Global consideration to keep an eye on include Brexit, the German economy, Hong Kong, Japan-South Korea, and Iran among others. All of these will have varying impact on capital market performance. Most of these areas are rarely a source for good news currently and it is unclear whether this will change in the short to medium term. The UK government wants a quick resolution on Brexit which, in principle, should be welcomed by everyone. However, there is very little evidence that the UK government has a proper Brexit plan in place (not even after all these years!) and has taken precautions to safeguard its economy which is likely to weaken considerably unless a smooth path to Brexit will be found. If the protests in Hong Kong continue and potentially become more violent, then sooner or later the Chinese military is going to intervene forcefully. While Hong Kong is an important trade hub for the country, its share if Chinese GDP has steadily decreased over time. Therefore, the Chinese government could easily lose its patience at some point. Moreover, it seems very unlikely that the Chinese leader Xi Jinping will be willing to be humiliated on two fronts at the same time for long, namely on the US trade front and on the Hong Kong protest front. We are focusing on any triggering event that can impactfully alter investor confidence. Currently confidence in policy makers is waning and this happens the markets will be challenged to retain current levels.
The Fed (we are compelled to address!)
Additional theories abound in an effort explain why the Fed lowered rates again. Some suggest that the Fed is more interested in weakening the greenback in a race to the bottom and have the most devalued fiat currency. This is a zero-sum game, but central bankers do seem intent on weakening their currencies to boost their respective economies. This is pure madness but at this point given the evidence it’s worth considering. Others argue it is a coordinated effort with the White House to balance recent tariff threats. This is what we reason above as the arguably most viable rationale of the latest rate cut. We’d also suggest that in the long run it may be simply an effort to manage the cost of the fiscal profligacy implemented by our Federal government intermixed with an occasional Pavlovian snack for the markets. Any or all of these may contribute to monetary policy but the bottom line for us as investment managers is that the general suppression of Treasury yields and increased equity volatility will bring with it investment opportunity. Moreover, the markets will eventually need to incorporate the possibility that current market levels can’t be artificially sustained forever by at most marginal policy decisions.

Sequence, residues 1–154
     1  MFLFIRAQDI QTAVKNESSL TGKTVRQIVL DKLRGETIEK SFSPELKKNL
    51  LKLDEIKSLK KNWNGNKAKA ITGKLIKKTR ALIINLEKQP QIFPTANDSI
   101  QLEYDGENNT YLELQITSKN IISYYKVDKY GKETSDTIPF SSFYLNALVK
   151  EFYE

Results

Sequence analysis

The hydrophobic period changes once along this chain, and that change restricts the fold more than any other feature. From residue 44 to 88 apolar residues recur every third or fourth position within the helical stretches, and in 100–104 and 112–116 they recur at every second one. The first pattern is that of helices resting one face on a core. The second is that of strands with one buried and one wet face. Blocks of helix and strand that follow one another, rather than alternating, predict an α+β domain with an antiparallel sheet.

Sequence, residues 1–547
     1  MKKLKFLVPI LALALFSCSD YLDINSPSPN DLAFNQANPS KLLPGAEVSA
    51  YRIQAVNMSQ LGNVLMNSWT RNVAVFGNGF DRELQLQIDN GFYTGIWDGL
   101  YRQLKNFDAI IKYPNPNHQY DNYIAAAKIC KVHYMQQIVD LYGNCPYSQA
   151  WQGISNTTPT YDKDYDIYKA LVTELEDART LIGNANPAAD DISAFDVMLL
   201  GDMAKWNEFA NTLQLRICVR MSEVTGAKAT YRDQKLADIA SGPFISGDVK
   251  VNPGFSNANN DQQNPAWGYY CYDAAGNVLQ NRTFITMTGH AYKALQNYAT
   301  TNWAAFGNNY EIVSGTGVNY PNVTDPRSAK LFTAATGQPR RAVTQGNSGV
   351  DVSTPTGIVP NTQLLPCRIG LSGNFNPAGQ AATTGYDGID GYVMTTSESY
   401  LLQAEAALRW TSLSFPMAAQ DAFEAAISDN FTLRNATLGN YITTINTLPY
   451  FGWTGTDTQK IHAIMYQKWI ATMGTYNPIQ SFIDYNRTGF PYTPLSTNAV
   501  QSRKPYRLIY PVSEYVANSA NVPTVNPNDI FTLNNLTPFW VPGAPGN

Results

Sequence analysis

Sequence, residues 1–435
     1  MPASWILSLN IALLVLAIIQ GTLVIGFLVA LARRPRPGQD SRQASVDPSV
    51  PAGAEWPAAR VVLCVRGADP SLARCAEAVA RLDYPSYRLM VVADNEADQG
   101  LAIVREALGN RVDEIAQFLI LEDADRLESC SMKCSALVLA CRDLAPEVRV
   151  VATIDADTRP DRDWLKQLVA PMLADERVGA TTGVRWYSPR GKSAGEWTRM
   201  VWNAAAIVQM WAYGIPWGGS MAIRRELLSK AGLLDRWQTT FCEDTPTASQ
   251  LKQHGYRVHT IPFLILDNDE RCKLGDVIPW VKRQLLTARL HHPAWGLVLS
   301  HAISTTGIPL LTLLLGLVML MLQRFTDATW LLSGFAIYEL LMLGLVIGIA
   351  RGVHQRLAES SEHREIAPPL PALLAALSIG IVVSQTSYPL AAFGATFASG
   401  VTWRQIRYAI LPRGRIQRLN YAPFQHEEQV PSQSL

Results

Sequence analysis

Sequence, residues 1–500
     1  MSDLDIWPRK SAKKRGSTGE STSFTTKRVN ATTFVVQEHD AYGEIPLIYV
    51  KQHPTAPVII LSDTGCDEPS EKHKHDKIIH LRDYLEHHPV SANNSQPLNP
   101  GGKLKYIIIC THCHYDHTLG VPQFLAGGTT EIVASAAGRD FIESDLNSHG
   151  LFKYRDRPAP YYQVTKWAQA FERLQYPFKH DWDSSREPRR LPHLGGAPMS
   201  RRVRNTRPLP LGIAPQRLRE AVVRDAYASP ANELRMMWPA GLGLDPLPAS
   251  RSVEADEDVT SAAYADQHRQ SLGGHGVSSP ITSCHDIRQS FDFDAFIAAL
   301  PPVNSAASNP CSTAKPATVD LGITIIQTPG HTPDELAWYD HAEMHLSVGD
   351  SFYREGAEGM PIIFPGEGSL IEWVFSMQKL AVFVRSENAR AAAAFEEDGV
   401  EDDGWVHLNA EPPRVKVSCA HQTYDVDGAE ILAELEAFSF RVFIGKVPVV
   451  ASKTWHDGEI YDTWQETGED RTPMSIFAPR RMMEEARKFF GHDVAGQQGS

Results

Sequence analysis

The Fed’s Insertion into Private Banking – Beware
The Fed is now considering competing directly with the very industry they are supposedly overseeing. It is planning to move in on the real-time payments business which is the business of speeding up financial transactions between people and financial institutions. The overreach into the private sector can only have deleterious long-term consequences on both the banking industry and the way our economy operates. We are not fans of government insertion into competitive markets. History has taught us that society suffers whenever elected officials involved themselves in anything where they don’t have any expertise whatsoever. Given this and our current political environment we should all remember Margaret Thatcher’s famous line about Socialism (“The problem with socialism is that you eventually run out of other people’s money.”)
Though we are amidst the dog days of summer, we expect increased volatility throughout the capital markets. Treasury rates will trend lower and equity volatility will increase. These offer investment opportunities. An eye on the long term will be essential in positioning our exposures. Being nimble and deploying transactionally efficient product structures will prove important in the coming months. Risk management will again be the most important aspect of portfolio and wealth management Strategies.